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Good news for the weekend

The Earth is not about to be consumed by microscopic black holes and strangelets.

Well, probably not.

Just thought you’d like to know.

Say hello

Let’s have a nice warm blogospheric welcome for writer and editor Nicholas DiGiovanni — newspaperman, bon vivant, founder of the Delaware Valley Poetry Festival and sundry other accomplishments that can’t be named until the statute of limitations runs out. Nick’s got himself a spanking-new blog, and in his first post he manages to evoke Lao Tzu, Stevie Wonder, James Thurber and The Monotones. Drop by and say hello to the man. His site joins my list of Blogbuds, and I’ll be a frequent visitor.

That toothsome summer

Ari reminds us all that something enormously important to pop culture and weather patterns in the Milky Way galaxy took place on June 20 of 1975. Of course I’m referring to the release of Jaws.

I didn’t get to see Jaws when it opened. In fact, it was a few weeks before I could even get into a theater to see it. Remember, sprouts, this was the pre-multiplex era when many theaters had only recently been split into two-screeners, and it was common for successful movies to stay in a theater for a few months. So I guess it must have been mid- to late-July when I managed to wedge myself into a screening at the Hyway Theater (which I’m happy to see still exists). By that point Jaws had had so much impact that Universal Pictures took out a two-page spread in the Sunday Times showing all the newspaper editorial cartoons that had played off the movie’s poster. The show was literally sold out — I got the very last ticket to be sold. the joint was packed.

Up until that night, whenever I’d seen a movie in a theater, the audience had served either as an irritant or a neutral presence. Jaws was my first theater experience in which the audience became a single entity, a great big nerve ending that Steven Spielberg played with virtuoso flair. When Chrissie met her fate out by the buoy, we all hissed through our teeth as the tension wound tighter and tighter. When the mayor erupted in rage at the way the Amity billboard had been vandalized, we all shouted with laughter. When Ben Gardner’s head came through the bottom of the boat, we all jumped. To this day I’m sure the entire building rose a foot into the air and came back down without any of us noticing.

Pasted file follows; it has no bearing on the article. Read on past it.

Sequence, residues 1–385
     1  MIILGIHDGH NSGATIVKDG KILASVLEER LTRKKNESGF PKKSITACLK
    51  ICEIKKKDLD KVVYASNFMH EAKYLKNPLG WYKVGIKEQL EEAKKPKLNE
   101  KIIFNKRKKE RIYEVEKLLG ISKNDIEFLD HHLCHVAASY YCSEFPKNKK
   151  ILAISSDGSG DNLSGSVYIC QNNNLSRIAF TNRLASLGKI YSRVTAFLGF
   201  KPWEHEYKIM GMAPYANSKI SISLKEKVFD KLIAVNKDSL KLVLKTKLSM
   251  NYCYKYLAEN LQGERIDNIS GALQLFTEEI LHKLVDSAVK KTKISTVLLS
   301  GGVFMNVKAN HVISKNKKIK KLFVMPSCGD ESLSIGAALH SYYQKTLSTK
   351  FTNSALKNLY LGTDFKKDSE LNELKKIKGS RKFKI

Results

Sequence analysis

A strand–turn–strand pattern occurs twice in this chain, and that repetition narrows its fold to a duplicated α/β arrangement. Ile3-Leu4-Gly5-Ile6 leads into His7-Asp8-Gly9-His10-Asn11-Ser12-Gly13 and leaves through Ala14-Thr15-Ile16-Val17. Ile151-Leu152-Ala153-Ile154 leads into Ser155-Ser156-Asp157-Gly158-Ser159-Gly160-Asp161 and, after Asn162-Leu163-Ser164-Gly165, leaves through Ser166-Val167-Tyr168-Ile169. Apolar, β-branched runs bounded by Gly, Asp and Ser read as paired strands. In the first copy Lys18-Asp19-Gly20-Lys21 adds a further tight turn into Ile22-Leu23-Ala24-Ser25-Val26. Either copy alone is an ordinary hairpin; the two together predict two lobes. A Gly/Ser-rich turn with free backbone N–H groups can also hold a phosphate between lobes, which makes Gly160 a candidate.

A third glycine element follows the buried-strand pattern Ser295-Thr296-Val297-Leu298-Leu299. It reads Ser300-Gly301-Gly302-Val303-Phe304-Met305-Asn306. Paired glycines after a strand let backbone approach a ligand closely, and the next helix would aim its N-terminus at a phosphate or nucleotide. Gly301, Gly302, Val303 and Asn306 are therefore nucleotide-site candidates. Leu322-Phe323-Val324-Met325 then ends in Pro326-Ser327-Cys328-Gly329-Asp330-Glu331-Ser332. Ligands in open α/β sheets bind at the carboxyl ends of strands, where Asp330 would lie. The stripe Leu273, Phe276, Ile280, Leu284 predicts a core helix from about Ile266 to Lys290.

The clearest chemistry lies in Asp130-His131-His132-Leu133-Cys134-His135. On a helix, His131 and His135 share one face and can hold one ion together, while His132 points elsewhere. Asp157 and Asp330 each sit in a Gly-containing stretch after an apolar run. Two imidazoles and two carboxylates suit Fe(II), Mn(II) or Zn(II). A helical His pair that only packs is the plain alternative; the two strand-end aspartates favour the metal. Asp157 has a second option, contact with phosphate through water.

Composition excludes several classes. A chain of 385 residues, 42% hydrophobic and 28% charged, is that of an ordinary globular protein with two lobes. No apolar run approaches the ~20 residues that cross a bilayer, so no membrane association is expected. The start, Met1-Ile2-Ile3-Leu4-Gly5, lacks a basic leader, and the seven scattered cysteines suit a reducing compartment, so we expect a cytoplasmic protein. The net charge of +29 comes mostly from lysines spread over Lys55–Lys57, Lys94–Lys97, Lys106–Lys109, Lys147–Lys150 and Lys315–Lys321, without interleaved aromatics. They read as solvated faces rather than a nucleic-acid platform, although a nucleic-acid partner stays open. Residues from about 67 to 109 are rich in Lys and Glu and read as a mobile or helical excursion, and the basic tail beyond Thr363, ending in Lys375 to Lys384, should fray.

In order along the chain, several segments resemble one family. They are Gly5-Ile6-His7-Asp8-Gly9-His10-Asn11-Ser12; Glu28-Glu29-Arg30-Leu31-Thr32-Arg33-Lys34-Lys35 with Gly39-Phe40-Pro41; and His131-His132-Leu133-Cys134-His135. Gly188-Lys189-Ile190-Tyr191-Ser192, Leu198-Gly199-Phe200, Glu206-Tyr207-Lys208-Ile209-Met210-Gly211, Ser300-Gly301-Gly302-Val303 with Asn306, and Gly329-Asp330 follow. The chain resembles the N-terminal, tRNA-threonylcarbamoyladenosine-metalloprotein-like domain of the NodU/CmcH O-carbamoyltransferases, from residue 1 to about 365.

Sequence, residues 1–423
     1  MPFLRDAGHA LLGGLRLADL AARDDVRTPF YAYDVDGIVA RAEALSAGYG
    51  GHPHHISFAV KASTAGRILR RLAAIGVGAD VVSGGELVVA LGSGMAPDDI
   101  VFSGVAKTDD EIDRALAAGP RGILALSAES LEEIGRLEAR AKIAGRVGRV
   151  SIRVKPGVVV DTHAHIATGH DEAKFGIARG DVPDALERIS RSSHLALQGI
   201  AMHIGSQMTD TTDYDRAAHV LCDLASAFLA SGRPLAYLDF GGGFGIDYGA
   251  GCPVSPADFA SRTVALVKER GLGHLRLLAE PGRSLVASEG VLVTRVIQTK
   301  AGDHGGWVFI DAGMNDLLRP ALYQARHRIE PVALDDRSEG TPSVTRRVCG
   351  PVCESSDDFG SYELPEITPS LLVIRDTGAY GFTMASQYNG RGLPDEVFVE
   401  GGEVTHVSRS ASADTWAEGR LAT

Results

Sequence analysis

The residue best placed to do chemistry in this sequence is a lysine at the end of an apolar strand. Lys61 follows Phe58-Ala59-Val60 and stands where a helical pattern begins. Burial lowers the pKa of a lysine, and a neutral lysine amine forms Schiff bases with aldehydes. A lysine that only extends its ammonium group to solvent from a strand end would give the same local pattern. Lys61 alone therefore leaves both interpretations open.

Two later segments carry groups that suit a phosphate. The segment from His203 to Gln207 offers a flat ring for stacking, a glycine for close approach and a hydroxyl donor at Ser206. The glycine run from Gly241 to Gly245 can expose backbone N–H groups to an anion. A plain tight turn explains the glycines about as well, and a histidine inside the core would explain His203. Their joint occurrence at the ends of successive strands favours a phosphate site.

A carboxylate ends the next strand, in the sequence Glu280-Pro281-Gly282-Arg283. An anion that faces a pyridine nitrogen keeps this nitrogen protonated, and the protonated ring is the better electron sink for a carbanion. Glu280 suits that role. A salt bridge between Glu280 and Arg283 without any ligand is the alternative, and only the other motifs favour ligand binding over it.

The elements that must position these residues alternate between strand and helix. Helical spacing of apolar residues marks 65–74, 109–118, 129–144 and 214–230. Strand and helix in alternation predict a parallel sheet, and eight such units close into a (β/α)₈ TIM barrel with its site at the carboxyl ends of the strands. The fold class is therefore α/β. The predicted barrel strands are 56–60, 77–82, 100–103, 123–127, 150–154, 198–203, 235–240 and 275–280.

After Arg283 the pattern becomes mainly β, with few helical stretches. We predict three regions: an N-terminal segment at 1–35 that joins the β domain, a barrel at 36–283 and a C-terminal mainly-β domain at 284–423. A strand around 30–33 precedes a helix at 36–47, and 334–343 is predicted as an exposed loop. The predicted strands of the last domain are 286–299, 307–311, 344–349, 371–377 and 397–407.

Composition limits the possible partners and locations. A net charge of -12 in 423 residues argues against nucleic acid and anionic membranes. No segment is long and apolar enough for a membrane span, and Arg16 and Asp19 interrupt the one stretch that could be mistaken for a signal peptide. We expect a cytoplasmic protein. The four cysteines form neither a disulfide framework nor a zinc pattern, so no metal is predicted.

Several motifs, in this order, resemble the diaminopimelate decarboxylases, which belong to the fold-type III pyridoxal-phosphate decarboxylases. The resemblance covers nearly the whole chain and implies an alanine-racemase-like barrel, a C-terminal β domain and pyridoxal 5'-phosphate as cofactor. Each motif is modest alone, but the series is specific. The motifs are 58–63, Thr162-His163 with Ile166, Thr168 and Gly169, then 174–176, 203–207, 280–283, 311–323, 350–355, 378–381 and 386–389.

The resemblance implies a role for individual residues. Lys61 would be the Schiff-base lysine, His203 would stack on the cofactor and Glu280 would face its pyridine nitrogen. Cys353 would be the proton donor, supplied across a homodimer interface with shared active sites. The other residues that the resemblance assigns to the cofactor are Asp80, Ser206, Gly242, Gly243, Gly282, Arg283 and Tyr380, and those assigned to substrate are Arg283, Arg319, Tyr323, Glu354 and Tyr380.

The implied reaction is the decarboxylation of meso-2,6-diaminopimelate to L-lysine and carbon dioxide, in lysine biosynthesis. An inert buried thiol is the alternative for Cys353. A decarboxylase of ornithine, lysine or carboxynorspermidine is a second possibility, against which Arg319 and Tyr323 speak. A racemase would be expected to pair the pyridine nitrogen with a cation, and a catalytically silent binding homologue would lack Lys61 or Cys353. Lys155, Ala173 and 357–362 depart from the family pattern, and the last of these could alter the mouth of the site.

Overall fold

(Dances With Mermaids, the older daughter, got her first look at Jaws a year ago. She still says, “You saw Jaws in the theater when it first came out? Wow!” the way somebody might say, “You helped Julius Caesar change the wheels on his chariot?”)

I’d actually been looking forward to the movie before the word got out. I was enough of a shark freak that when the original novel by Peter Benchley came out, I sprang for a hardcover copy. It was not a god read. I may have been an ignorant high school kid at the time, but I knew the creak of sclerotic Bestseller Writing when I heard it. All those subplots: the Mafia, Hooper having an affair with Brody’s wife, bleah. Nevertheless, the power of the idea was such that the book carried you along, right up to that supremely unsatisfactory Moby-Dick type ending.  

The film was directed the way the novel should have written: smart, quick on its feet, frequently quite funny and, best of all, unpredictable. Too many horror movies — and Jaws is, at bottom, a balls-to-the-wall monster movie — fall into a pattern of setup and payoff so predictable that you can set your watch to them. Not this movie. Jaws always had a joker up its sleeve. When the shocks came on, they usually went waaaay further than anyone expected — that scene with the Kittner boy is just plain mean. When the laughs came on, you were grateful for the chance to relax — which of course, meant you were about to get creamed by some new scare.